Check around to all stores in your area before buying to see which store has the best deal. Many stores also offer a discount or even a free turkey if you spend a certain amount in one transaction the week of Thanksgiving or the week before Thanksgiving. These deals are great to take advantage of, provided you will actually already be spending that amount of money.

Cooking a Turkey

There's a great step-by-step photo tutorial from The Pioneer Woman on roasting a turkey. And lots of helpful information on roasting a turkey from Butterball–and there's even an instructional video you can watch.

If you're having a smaller gathering for Thanksgiving and want to keep it simple, you might consider just doing turkey breasts in the crock pot. Click for detailed instructions on how to do that.

Looking for something a little out of the ordinary to do with your turkey? You could consider or .

Making the Gravy

You can make gravy with the pan drippings (see recipe ) or with the giblets (see recipe). If you've never made gravy before, check out The Pioneer Woman's photo-rich instructions .

Stuffing: Do You Really Need It?

Okay folks, here's where my simplistic nature comes into play: I don't really think stuffing is a must. I mean sure, most folks serve it as a sort of obligatory part of the Thanksgiving dinner every year, but if you're trying to keep things easy, it is something you could skip.

Now I know some of you are probably thinking I'm nuts. If so and stuffing is something your Thanksgiving menu would not be complete without, then by all means go for it. I'd say to save yourself the trouble of actually and to just make a pan of it on the side. Use your family's favorite recipe (if you have one), find the boxed mixes on sale and spruce them up a little, or try out The Pioneer Woman's recipe (her recipe looks great but isn't very budget conscious).

I'd love to hear from you: What are your best ideas for buying an economical turkey? How do you usually cook your turkey? And do you consider stuffing an essential Thanksgiving menu item?

Up next: Our Sweet Potato casserole and Make-Ahead mashed potatoes

Thanksgiving on a Budget: Introduction

Remember I told you that Erin from and I had a special treat for you this week? Well, welcome to our week-long series, Thanksgiving on a Budget.

There is great temptation to feel like you have to prepare a ten-course gourmet feast for your loved ones for Thanksgiving. It seems almost everywhere you go right now, you are bombarded with images of elaborate spreads of gorgeous stuffed turkeys lined with rosemary and oranges surrounded by all the trimmings.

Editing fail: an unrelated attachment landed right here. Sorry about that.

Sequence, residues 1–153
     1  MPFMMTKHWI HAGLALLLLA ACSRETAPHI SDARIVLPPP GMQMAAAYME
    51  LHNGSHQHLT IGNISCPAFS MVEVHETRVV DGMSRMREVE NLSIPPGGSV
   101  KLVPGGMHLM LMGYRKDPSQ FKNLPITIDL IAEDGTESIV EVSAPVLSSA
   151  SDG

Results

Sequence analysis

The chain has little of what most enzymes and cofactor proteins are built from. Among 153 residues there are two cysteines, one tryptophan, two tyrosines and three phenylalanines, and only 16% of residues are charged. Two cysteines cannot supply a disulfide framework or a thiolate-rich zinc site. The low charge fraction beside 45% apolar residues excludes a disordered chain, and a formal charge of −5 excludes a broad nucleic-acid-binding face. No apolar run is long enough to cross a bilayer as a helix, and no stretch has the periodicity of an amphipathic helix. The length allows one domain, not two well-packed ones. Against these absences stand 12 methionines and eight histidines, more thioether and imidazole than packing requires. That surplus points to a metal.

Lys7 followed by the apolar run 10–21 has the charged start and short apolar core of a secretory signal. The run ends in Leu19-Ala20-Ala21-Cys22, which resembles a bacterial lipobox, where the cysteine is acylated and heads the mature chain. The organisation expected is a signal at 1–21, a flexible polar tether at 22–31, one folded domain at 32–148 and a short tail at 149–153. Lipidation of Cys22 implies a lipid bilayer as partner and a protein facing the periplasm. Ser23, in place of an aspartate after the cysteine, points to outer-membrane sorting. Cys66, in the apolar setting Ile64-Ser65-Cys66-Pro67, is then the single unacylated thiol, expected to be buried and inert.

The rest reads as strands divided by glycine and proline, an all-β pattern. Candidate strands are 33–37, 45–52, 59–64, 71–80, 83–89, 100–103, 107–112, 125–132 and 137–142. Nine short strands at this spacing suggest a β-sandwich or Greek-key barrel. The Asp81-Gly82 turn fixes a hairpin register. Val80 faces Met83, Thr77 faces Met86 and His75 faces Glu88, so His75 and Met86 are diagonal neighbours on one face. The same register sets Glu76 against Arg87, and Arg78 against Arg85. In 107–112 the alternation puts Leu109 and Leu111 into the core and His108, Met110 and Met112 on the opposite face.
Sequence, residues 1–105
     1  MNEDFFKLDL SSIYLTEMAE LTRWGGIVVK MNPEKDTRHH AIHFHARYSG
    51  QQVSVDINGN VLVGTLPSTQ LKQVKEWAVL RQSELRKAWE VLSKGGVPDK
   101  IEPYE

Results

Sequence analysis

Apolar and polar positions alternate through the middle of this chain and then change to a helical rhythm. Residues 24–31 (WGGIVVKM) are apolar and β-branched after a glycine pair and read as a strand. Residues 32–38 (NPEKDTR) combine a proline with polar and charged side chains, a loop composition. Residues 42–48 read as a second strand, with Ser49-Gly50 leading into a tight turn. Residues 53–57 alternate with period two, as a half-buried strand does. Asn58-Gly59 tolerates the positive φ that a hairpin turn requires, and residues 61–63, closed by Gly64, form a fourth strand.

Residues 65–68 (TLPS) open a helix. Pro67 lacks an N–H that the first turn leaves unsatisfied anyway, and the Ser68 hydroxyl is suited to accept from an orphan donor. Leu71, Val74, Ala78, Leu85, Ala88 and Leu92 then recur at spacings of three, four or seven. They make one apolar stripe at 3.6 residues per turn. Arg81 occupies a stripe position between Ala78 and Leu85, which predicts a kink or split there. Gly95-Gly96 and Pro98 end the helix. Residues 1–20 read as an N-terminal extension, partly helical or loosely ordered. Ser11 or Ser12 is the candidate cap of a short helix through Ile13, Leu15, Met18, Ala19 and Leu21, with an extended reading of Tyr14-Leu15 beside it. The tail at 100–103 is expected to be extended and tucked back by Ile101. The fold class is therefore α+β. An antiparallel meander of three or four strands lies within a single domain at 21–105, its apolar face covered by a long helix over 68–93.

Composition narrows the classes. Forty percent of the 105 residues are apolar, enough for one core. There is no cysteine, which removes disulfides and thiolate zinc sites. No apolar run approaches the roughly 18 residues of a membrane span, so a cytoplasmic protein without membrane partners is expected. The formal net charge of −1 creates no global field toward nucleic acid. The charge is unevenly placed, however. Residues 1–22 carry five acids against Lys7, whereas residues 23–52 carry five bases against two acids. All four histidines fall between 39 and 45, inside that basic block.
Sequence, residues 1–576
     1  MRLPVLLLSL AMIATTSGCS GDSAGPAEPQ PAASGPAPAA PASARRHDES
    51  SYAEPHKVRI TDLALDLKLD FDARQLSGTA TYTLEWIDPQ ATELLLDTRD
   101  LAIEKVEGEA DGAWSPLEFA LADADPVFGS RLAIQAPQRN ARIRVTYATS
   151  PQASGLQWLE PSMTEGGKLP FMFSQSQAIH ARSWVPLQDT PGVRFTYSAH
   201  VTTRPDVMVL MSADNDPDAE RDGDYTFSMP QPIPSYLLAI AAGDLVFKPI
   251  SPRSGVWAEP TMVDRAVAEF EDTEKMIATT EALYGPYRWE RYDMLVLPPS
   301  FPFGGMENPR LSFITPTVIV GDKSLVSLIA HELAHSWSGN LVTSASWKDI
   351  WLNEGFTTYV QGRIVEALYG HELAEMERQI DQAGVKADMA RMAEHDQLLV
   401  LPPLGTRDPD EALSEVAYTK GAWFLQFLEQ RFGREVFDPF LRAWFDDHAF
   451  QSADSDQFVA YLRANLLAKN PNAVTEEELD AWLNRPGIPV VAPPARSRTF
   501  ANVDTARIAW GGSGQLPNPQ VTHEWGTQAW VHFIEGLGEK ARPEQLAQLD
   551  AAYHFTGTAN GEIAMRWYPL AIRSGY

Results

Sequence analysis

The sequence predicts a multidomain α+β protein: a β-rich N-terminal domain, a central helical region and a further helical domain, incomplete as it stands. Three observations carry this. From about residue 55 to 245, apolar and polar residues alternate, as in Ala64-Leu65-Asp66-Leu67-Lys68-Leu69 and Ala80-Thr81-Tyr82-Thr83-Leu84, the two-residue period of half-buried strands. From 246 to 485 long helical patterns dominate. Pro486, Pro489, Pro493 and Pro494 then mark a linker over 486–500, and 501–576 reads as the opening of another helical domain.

While these images might be beautiful, more often than not they can make you feel that unless you recreate such an extravagant affair for your Thanksgiving feast, it just won't be good enough. The reality, though, is that most of us do not have the time or the money to pull off a magazine-like Thanksgiving spread.

And we're here to tell you that that is perfectly okay. In fact, we'd like to encourage you to make your Thanksgiving celebrations simple and economical this year. Erin from and I will be teaming up to share some of our favorite frugal Thanksgiving recipes. Whether you're an experienced cook or a novice in the kitchen, we hope that our recipes, tips, and photo tutorials will inspire you to pull off your own "Thanksgiving on a Budget".

We've also solicited the help of Monica from for some inexpensive Thanksgiving decoration ideas which you'll not want to miss. And after we've shared our favorite recipes, we're going to be enlisting your help on Friday.

We'll open up the floor here with a Mr. Linky and encourage you to post your favorite frugal Thanksgiving recipes or ideas on your blog and then come back here to share your link with everyone else. We look forward to reading all your frugal recipes, tips and ideas for
making this Thanksgiving both frugal and festive! 

It is our desire that this series will help relieve some of the "pressure" that is placed on you to create
the perfect meal on Thanksgiving Day. And we hope you are able to instead focus more on what Thanksgiving is really all about–taking time to give thanks for all of the blessings we have been given!

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Note from Crystal: By the way, if you are not a regular reader of Erin's blog, , may I encourage you to and add her feed to your reader?

Erin feeds her family of four every night for, you guessed it, $5! And her recipes are not only simple and delicious, they are also quite healthful. Her menus serve to clearly dispel the myth that you can't feed your family healthfully on a budget. Read more about Erin and how she feeds her family for $5 every night.